Weather wise this has been a truly unusual year in Texas and it is just barely halfway over.
We had spring in winter, then winter in spring. It got really hot before the Fourth of July, and then temperatures dipped into the 60s last week.
The strange weather delayed fish spawning activity as the lakes were slow to warm, then when water temperatures started to climb into the upper 80s the last week of June, last week’s cool weather and north winds knocked morning surface temperatures down seven and eight degrees.
And mild, at least by Texas standards, weather is predicted for next week as well.
Just as strange as the yo-yo temperatures has been the rainfall pattern. Good rains came in the spring, but not everywhere, and that is starting to show in the lake levels around East Texas.
Cooper Lake, down almost nine feet is the worst-case example in Northeast Texas. The water level has dipped so much in the last month that the Texas Parks and Wildlife Department last week closed one of its ramps at South Sulphur State Park.
Richland-Chambers is the second lowest area lake, currently down 7.21 feet.
Cooper and others on the deficit list generally started off the year low and just haven’t caught up. Adding to the lack of rain is the fact that most of the low lakes are sending water to the Dallas-Fort Worth area, which really hasn’t caught up since the 2007 drought.
One exception is Lake Fork, which is currently almost five feet low and hasn’t been full since 2011. Although Dallas has built a pump station on the lake it isn’t operational. This spring the lake has remained steady, not really gaining or losing water. It was down just over two feet a year ago, but dropped to 4.54 down six months ago. There are parts of the lake that have grown in with vegetation in the last two years with the water level down.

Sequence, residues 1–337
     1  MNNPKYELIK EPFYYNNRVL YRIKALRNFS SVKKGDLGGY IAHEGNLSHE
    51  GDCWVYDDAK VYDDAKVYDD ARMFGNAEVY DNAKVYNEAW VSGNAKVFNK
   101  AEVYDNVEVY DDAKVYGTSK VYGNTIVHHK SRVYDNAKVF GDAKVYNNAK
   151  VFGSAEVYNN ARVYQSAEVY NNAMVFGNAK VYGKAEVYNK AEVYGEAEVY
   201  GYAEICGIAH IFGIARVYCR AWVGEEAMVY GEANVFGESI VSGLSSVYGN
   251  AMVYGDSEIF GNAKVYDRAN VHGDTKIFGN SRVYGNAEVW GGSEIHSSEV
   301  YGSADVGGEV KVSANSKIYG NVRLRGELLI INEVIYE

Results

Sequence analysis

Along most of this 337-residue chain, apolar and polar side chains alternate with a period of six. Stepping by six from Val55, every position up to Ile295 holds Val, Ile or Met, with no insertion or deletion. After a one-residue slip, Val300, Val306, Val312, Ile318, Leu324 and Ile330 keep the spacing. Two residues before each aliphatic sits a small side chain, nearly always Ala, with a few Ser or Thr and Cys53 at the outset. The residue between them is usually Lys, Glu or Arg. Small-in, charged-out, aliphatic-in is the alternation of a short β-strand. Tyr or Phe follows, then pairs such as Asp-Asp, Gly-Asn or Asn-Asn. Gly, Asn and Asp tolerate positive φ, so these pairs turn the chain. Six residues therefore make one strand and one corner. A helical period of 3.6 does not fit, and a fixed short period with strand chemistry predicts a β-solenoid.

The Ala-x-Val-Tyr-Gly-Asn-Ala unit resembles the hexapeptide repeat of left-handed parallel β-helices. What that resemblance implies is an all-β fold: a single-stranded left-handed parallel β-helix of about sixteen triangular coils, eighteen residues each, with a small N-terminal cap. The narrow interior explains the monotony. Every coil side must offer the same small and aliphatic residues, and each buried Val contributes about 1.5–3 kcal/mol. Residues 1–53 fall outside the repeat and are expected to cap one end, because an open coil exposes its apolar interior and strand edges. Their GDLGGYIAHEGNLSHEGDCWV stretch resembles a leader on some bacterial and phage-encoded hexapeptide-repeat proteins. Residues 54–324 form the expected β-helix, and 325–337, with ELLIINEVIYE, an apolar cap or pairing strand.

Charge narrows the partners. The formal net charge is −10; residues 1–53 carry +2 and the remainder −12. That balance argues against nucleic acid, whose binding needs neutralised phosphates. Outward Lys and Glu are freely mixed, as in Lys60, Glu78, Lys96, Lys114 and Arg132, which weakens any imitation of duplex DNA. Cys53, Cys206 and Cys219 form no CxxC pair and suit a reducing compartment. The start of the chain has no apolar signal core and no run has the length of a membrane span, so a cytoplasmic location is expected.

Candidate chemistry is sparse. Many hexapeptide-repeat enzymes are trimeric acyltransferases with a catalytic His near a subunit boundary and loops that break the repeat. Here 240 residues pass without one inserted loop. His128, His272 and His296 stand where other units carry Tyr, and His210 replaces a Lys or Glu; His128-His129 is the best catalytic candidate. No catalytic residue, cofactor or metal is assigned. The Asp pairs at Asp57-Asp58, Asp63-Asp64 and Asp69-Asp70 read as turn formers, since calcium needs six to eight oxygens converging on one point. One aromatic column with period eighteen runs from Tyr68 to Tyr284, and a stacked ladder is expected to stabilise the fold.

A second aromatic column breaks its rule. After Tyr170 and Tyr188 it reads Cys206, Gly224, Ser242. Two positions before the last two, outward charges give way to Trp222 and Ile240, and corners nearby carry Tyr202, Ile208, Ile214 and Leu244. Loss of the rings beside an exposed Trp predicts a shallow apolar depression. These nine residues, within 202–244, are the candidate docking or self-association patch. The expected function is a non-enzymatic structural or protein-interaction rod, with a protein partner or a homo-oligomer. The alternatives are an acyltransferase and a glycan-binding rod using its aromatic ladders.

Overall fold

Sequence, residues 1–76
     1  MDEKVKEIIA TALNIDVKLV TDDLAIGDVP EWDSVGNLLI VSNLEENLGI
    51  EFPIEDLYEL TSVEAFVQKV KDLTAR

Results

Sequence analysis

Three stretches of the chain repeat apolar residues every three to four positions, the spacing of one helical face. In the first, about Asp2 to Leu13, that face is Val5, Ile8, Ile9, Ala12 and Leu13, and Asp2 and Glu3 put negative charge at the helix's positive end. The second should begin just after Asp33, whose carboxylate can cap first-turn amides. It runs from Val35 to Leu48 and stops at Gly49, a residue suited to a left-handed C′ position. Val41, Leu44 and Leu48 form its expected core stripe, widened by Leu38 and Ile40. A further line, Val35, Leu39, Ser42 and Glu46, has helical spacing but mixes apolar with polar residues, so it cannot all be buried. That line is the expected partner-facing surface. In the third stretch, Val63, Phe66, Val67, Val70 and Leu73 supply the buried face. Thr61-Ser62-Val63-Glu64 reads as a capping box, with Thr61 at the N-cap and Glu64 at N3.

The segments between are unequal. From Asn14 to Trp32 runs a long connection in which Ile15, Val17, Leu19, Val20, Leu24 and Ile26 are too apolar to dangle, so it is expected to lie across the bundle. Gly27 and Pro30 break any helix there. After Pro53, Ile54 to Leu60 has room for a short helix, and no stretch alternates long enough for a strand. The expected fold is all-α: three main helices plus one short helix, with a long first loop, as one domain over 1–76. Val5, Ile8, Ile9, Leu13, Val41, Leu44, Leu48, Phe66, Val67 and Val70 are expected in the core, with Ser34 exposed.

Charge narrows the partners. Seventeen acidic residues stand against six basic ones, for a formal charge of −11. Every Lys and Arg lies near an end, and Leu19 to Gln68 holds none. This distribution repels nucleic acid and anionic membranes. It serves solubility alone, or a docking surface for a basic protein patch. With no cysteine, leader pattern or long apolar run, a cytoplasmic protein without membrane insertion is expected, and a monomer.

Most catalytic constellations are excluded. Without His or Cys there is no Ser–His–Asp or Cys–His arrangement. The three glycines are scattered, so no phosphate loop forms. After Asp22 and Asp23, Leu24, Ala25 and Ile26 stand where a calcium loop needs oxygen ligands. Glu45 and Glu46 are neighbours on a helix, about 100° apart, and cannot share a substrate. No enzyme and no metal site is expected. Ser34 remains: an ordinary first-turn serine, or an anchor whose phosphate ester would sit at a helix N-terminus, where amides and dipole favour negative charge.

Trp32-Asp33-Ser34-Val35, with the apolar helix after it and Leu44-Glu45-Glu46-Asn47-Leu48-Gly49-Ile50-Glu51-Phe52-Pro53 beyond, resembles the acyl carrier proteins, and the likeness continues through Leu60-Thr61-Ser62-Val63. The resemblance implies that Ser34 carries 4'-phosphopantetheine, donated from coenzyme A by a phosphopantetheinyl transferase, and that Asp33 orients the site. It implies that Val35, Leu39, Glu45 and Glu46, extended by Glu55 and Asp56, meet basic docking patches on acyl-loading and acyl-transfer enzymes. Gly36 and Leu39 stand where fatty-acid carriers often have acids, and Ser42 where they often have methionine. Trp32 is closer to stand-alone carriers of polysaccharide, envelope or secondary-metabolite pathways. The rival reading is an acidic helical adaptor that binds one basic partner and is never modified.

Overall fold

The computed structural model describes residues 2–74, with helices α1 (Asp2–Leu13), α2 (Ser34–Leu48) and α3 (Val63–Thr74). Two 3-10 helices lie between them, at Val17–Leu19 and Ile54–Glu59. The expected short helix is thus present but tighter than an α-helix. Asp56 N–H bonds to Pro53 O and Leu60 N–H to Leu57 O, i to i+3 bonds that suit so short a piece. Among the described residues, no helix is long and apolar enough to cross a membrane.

The odd couple of the region has to be Lake Palestine and Lake Tyler. Although separated by just a few miles, Lake Palestine is healthy at only three-quarters of a foot down while Lake Tyler is down nearly four feet. A part of that is the now-famous leak in the dam, but eastern Smith County also hasn’t gotten the rainfall the western part of the county.
Just as odd is Lake O’the Pines, which is down as much as Lake Tyler, and downstream at Caddo Lake, which is essentially full. That said, Lake Athens, which drains downstream into Lake Palestine, is also almost three feet low.
Toledo Bend and Sam Rayburn are both less than three feet, which is unusual based on the demand for water from the two lakes. In fact, Rayburn has come up, having been down 4.6 feet just six months ago.
But probably the hardest to explain is Lake Wright Patman, which is not only full, but two feet over pool level.
Of course East Texas reservoirs are in good shape compared to those going west. There are a number of reservoirs west of the Trinity River that are at 30 percent or less of full capacity. Three notable that are known for their bass fishing are Amistad, down 60 feet, Falcon, which is down 35 feet and O.H. Ivie is 40 feet low.
While those levels don’t mean much to East Texas fishermen, they should be of concern to hunters, starting with dove hunters who open their season Sept. 1. Dry weather in western counties has resulted in a huge grasshopper hatch and according to reports they are munching their way through what had been good sunflower stands.
Some outfitters are predicting the fields will be destroyed well before the season opener.
Drought is normally a huge concern, but it may be too early to tell yet if buck quality is going to be affected this season. The western portion of the state did get spring rains, but they were spotty. In some cases areas got bucketfuls on a couple of occasions, but nothing else.